‘Slow Enlightenment’ in a Quick Fix Culture

Written by David Nichtern

In the old days in Japan, a spiritual aspirant would kneel in the snow at the gates of the monastery for several days before either gaining entrance or being turned away.

These days in the West, we have weekend enlightenment intensives promising realization by Sunday night or your money back.

There must be a middle way in there somewhere, but it might be interesting, since we do live here in the West, to have a closer look at our own values and processes.

We do live in a culture where faster, more and easier seem to govern a lot of our choices. Fast food, bigger cars, five easy lessons and you can learn to play guitar like the masters.

But what about thorough? Are there any advocates of doing something fully, in depth and completely mastering the subject, whatever it is?

Jamgon Kongtrul Rinpoche said, “I’ve noticed through my own experience with the West that the new student gets very excited, hoping for immediate results. In Buddhism one is required to go through various stages, it is a step by step process in which you receive teachings from your teacher and follow his instructions one by one. If you rush up a ladder in order to get to the top more quickly there is a chance that you might fall and break your head. When you study Buddhism you have to go in a gradual way, not hoping to get enlightened the next morning when you wake up.”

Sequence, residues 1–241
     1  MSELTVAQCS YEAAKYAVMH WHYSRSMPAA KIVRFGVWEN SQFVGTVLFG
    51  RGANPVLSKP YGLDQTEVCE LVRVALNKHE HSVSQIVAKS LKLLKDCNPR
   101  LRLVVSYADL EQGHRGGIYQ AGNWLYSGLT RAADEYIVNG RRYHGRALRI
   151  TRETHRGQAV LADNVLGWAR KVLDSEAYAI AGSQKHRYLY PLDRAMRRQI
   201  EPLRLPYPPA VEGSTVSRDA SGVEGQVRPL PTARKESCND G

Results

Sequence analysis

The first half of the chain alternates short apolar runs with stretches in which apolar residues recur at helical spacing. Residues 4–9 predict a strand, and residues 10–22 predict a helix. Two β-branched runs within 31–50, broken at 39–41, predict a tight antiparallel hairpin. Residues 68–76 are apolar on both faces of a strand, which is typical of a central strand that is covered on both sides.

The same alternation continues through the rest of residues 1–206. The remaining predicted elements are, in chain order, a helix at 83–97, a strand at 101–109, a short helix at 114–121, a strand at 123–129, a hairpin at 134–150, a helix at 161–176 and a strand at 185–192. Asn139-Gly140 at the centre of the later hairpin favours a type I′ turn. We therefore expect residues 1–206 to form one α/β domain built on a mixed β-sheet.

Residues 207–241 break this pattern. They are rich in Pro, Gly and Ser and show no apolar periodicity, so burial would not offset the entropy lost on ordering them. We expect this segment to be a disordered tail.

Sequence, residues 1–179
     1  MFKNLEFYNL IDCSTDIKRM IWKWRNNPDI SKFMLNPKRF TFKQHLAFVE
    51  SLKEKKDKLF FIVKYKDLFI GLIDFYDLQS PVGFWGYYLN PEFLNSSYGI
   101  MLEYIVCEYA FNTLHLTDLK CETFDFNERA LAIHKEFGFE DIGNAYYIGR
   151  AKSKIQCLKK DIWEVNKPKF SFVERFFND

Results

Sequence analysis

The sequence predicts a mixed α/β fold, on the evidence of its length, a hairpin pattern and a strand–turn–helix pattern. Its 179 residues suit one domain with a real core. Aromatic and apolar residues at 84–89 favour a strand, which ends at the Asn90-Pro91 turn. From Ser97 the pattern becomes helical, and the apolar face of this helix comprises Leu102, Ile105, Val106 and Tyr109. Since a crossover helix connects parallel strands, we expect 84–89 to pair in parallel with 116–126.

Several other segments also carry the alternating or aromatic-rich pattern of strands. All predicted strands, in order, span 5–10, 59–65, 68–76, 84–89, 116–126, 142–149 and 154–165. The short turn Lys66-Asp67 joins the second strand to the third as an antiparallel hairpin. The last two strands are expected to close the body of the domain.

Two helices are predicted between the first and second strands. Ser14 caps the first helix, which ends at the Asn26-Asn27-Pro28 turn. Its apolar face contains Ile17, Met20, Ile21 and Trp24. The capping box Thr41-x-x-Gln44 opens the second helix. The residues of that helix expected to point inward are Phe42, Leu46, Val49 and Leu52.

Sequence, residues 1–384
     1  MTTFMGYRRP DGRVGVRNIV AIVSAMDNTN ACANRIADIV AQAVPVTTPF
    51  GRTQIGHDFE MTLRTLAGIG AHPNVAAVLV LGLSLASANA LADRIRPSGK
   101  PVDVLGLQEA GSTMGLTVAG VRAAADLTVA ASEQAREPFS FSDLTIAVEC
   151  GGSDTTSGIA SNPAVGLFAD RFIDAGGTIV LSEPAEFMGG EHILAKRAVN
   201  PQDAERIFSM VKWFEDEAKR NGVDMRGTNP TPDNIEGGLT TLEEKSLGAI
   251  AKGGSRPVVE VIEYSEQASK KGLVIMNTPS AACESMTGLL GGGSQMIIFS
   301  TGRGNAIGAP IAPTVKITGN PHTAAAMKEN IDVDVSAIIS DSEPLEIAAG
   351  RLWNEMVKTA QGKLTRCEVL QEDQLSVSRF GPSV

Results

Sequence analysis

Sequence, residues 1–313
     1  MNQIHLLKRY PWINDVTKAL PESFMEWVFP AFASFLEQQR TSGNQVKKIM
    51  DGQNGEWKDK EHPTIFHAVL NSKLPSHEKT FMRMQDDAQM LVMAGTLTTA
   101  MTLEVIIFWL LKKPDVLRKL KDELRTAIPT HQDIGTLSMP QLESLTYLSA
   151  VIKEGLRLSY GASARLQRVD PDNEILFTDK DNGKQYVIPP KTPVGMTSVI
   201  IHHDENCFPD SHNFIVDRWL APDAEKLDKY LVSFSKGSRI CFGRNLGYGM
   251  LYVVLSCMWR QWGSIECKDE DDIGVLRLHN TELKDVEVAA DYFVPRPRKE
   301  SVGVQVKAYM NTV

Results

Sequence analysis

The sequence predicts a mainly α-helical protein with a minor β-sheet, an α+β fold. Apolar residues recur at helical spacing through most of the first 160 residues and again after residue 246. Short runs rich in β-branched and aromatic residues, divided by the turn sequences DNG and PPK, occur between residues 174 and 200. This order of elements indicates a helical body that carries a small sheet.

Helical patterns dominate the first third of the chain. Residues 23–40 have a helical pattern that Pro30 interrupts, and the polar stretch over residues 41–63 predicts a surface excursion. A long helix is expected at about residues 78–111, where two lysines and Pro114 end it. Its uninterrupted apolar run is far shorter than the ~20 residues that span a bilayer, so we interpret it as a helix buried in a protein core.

Lately, we have the slow food movement and even slow sex has some advocates.

What about slow enlightenment?

What about going through whatever steps, whatever practices, whatever processes that would enable us to know ourselves completely, that would allow us to penetrate whatever obscurations, delusions, and dark corners we might have and illuminate our most authentic being completely and fully?

Who would sign up for that program — “enlightenment in 10 – 20 years, but only if you put your body, heart, and mind into it completely?” Would you sign up for that?



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